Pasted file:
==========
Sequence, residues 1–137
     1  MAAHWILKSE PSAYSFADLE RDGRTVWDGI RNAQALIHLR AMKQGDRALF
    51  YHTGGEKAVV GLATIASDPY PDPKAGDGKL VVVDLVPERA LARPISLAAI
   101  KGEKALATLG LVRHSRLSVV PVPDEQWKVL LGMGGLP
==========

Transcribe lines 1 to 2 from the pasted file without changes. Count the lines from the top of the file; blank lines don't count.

Sequence, residues 1–137
     1  MAAHWILKSE PSAYSFADLE RDGRTVWDGI RNAQALIHLR AMKQGDRALF